Stewart says lawmakers should eliminate an 11th grade English language arts exam that was added this year as part of Florida’s adoption of Common Core-based standards. Florida’s 10th grade reading exam is a high school graduation requirement, prompting some lawmakers and schools to ask why an eleventh grade exam was needed.
Students are scheduled to take the new Florida Standards Assessments starting next month.
A new poll checks the temperature of how early-voting states feel about the Common Core math and language arts standards. The poll shows support is stronger among potential Democratic voters than Republican ones. Of the three early-voting states, Common Core is least popular among Iowa Republican voters.
One of the by-products of states around the country adopting Common Core is that the standards have brought attention to long-running education debates that aren’t about money or testing.
This week our story looked at how Miami-Dade schools are changing math lessons to teach Florida’s Common Core-based math standards. The standards outline what students should know at the end of each grade — such as kindergarteners being able to count to 100.
As we noted in the story, many of these “new” techniques schools are adding have been around a while. And math educators have spent years debating the best ways to teach math.
Journalist Elizabeth Green cataloged what some argue are deficiencies in math education in a New York Times Magazine story headlined: “Why Do Americans Stink At Math?”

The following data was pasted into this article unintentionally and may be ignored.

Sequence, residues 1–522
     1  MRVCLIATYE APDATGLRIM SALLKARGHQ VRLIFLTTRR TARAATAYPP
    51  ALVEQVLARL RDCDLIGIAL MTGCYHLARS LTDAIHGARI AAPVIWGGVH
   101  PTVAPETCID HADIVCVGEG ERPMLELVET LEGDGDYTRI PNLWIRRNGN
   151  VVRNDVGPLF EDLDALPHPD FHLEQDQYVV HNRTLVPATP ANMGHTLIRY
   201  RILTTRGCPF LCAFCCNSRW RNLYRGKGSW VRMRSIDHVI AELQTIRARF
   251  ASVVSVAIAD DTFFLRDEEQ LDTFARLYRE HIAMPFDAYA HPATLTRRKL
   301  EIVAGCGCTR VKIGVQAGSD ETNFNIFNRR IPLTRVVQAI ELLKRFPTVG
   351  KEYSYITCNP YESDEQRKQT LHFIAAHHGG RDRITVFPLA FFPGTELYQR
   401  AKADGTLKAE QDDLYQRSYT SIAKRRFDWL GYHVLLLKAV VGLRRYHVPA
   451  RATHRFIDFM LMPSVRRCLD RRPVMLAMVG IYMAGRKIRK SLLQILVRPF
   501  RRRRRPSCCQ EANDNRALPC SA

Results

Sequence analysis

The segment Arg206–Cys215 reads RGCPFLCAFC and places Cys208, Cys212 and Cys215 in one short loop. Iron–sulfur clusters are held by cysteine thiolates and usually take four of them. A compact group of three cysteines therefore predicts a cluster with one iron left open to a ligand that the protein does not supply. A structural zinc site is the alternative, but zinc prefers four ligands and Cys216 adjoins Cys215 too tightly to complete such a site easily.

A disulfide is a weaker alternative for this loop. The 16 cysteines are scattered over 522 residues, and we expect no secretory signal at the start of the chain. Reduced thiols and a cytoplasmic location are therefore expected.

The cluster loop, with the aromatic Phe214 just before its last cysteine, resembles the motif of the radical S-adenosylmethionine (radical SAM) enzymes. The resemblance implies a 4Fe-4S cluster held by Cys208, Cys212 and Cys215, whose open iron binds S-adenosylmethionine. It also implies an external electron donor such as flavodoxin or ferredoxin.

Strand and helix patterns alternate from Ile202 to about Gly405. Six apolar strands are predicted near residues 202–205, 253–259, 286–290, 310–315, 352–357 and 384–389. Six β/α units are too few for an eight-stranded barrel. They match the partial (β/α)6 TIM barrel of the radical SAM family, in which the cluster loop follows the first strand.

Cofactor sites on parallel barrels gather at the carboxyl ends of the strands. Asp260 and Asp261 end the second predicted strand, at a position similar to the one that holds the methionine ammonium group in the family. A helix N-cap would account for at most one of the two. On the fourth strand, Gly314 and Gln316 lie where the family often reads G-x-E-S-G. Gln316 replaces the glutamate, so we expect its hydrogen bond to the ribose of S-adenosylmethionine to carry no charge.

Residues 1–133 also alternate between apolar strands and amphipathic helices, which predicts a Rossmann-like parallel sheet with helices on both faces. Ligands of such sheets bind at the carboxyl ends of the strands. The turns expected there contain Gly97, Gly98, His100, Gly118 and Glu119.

School board members dissatisfied with the statewide association who represents them are forming their own group, the Fort Myers News-Press and others report.
One reason is the school board members are unhappy the Florida School Boards Association joined a lawsuit challenging the state’s private school tax credit scholarship.
The Florida Coalition of School Board Members seeks to become a “financially responsible,” grassroots group that supports school choice options including charter school and local control of education issues.
“One of our responsibilities as a school board is to partner with the state… however, it’s become very clear that the school boards are really losing influence in Tallahassee,” said [Erika] Donalds, who was elected to the Collier school board in November. “We feel the FSBA has kind of lost touch.”
At dinner tables across Florida, parents and their elementary school children are trying to solve a math problem: What’s going on with my kid’s homework?
Florida is one of dozens of states that has switched to new math standards based on Common Core. The standards outline what students should know in every grade.
Experts say it means big changes to how math is taught. More focus on understanding concepts and solving problems multiple ways. Less memorization of formulas and grinding out worksheets full of similar problems.
Math is a constant conversation for Jessica Knopf and her fifth-grader, Natasha.
They talk about math at the dinner table. They send questions and answers by phone. They sought tutoring in online videos.
“When this Common Core stuff starting coming home,” Knopf says, “it wasn’t something I could just scribble and go ‘Oh, here it is.’ No. I had to stop. I had to think about it. I had to go online to Khan Academy. I had to bring my husband in. It wasn’t logical.”